Sometimes that requires leadership that is unconventional. That doesn't follow due process. Leadership that burns the rule books.

You see - the visionaries among us - we like to think up better solutions. We get all inspired by them. We create leverage within ourselves... and then, almost in an instant "THE MIND" (not just our mind - it's a universal trait of human consciousness) goes to work to try and somehow integrate our new idea back into the status quo. The moment we are faced with two different 'maps of the world' we can't resist the urge to force congruence, but there are two ways of doing this: One would be to instantly THINK, DECIDE and BEHAVE consistent with our new map of the world. Like the old one never existed.

But this is scary, uncomfortable, we might get push back.

The other way of getting our ideas for progress to align with what we know about the presence is accepting that 'change is slow and takes due process'. That way we can cling onto the new idea without having to live with the discomfort of ACTUALLY changing anything - for now.

See the problem? - We're fooling ourselves by negotiating with our new reality. And we don't even require others to push back for us - we do it to ourselves.

The antidote? - Stop it.

If you can think it, you can live it. Who says we have to wait for change. Who says we need permission. Who says we can't employ every creative (read: unorthodox) method under the sun to get the result we need??

And, if I may challenge you for a moment here, if you, dear leader, find yourself challenged by the idea of 'just changing it' - could it be that it is YOUR desire to please, YOUR comfort zone, YOUR pre-conditioning, YOUR attachment to something - YOUR lack of courage that is getting in the way of your passion and better knowing?

If you're being honest with yourself and maybe the answer is 'yes', let me assure you, it is the same for all of us. It's human. We are all torn between our passion and compassion, our desire to fit in and break out, our need for certainty and our need for growth and contribution - we're all navigating these paradoxes all of the time.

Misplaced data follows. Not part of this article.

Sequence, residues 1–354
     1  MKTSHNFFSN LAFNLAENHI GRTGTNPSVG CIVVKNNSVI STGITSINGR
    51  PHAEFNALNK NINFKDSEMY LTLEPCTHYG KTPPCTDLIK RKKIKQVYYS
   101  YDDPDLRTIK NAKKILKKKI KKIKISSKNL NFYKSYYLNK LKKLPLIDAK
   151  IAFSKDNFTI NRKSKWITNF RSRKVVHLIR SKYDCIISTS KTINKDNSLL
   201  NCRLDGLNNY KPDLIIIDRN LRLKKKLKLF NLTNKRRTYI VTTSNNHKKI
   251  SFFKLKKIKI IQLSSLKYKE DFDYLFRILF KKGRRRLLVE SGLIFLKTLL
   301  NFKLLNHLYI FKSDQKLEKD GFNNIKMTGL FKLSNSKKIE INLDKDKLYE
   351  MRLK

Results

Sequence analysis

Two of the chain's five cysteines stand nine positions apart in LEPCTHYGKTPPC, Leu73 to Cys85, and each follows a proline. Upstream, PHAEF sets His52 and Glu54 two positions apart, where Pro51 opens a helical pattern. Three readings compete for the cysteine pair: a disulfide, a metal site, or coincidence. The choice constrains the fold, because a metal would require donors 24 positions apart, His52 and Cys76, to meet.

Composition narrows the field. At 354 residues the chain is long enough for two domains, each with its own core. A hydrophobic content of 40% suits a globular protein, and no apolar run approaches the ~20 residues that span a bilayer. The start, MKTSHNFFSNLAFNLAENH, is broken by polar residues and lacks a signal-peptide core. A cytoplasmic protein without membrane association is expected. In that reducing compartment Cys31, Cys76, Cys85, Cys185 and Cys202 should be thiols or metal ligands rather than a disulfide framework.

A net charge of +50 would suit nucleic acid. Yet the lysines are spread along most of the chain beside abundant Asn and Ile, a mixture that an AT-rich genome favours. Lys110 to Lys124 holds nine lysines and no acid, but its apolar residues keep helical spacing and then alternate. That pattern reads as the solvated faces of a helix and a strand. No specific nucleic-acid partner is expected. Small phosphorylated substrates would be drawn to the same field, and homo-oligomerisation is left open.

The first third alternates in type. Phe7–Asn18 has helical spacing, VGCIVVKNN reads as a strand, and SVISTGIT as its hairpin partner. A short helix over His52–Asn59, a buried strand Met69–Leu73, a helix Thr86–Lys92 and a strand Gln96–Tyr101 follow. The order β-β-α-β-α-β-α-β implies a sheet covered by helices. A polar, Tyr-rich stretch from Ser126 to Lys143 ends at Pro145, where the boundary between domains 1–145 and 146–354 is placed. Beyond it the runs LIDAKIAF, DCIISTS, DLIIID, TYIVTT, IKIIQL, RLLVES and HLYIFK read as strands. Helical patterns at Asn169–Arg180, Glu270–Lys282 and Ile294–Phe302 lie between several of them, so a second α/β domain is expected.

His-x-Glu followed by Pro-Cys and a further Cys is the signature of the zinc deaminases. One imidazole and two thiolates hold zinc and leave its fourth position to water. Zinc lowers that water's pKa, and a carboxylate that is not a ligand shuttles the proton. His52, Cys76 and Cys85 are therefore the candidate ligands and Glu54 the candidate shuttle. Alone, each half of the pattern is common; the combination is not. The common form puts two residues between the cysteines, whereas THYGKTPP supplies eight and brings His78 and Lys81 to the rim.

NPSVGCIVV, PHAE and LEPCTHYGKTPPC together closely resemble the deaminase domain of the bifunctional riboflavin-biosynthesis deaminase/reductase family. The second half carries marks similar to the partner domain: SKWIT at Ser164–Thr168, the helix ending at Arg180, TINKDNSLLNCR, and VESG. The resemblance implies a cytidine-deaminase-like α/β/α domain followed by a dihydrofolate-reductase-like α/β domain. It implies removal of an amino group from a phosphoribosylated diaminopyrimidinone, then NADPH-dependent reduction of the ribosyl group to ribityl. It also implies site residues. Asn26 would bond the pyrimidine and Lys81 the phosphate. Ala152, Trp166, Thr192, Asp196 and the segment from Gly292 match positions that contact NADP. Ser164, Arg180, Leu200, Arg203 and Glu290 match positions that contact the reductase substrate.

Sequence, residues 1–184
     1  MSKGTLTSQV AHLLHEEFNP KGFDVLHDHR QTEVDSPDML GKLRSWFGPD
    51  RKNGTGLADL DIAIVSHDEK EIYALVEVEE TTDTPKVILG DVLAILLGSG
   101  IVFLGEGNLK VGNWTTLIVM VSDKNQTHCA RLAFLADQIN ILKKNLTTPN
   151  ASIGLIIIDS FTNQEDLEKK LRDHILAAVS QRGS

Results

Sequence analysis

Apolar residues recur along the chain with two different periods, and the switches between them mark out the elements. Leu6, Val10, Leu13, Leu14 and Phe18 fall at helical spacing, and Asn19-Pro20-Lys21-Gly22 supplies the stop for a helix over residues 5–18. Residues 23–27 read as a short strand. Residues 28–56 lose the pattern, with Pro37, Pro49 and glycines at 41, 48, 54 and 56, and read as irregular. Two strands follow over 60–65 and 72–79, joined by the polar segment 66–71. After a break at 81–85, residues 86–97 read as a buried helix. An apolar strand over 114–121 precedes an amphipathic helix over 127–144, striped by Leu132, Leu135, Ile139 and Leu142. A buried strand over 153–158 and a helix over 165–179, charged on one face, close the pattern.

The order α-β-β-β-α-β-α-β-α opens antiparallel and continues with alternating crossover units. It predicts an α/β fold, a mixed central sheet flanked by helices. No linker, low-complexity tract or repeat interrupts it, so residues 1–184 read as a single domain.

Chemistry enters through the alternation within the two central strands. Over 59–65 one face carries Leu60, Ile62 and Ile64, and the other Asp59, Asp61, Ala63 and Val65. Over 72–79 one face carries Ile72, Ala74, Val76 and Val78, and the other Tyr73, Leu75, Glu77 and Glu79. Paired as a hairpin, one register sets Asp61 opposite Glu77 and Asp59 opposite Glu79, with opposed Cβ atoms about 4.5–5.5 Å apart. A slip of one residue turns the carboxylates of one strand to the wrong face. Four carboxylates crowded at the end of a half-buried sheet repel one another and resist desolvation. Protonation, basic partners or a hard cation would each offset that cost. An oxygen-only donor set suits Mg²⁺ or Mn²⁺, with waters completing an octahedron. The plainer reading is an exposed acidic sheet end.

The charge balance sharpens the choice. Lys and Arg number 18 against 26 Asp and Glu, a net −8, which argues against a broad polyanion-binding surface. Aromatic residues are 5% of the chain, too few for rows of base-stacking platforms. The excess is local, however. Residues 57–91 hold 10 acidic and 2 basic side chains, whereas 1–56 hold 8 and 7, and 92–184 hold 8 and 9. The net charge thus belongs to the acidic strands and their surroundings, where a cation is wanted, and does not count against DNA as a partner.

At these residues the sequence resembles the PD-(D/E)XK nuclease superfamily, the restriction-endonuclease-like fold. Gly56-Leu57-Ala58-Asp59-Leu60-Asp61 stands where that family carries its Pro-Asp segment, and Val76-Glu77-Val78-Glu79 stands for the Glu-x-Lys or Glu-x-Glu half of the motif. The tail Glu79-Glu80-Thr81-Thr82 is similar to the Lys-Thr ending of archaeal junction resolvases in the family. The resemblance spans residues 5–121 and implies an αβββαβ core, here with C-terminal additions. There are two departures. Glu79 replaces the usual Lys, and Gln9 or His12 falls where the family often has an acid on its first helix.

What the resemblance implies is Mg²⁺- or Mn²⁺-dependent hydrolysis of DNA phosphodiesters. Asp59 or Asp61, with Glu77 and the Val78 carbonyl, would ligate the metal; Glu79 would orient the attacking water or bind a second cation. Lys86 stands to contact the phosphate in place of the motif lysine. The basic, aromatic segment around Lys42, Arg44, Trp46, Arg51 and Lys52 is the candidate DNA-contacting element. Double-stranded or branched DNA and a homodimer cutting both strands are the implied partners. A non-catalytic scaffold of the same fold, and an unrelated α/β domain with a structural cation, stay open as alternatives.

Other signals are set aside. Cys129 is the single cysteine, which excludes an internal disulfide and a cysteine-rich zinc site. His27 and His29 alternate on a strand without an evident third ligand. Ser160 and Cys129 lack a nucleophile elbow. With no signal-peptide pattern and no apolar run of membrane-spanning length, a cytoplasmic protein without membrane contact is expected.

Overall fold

Anthony Robbins talks about his daily morning ritual of plunging himself into ice cold water not as a health tonic or immunity builder (although I'm told it is) - but as a way to condition himself EVERY DAY to not negotiate in his mind. There isn't a morning where he really WANTS to do it. But there is also not a morning where he doesn't cut off all other options.

The three commitments I encourage you, myself and everyone out there in the business or on a mission of leading change to embrace are these:

  1. DREAM: Train yourself to embrace your creativity, to allow solutions that are unorthodox, unusual or seem impossible or 'unlikely to work'. You won't know until you try.

  2. DECIDE: To 'decide' comes from the Latin word 'decidere', meaning to 'cut off'. Once you have decided, you have officially eliminated all alternatives. So any further inner or outer negotiation or delay is only wasting energy. Raising your standards means that the new thing you want to do is now the ONLY option - going back is not.

  3. LEAD WITH LEVERAGE: Life is about navigating pain and pleasure. Most people do more to avoid pain than they do to gain pleasure. Most people will do more for others than they will for themselves. Whatever you do, you need to find a way to link extreme discomfort to maintaining the status quo - discomfort that outweighs the comfort of habit and of certainty. And you need to link massive pleasure to doing things the new way - which might see you circle back to commitment No. 1 and engage your creativity.

(Whether this involves threatening celibacy - well, I'll leave that to you to decide, but let me assure you - I'll be the last to judge).

Natalie works as a transformational, leadership and impact coach both under her own brand at and under her corporate brand "Imaginal".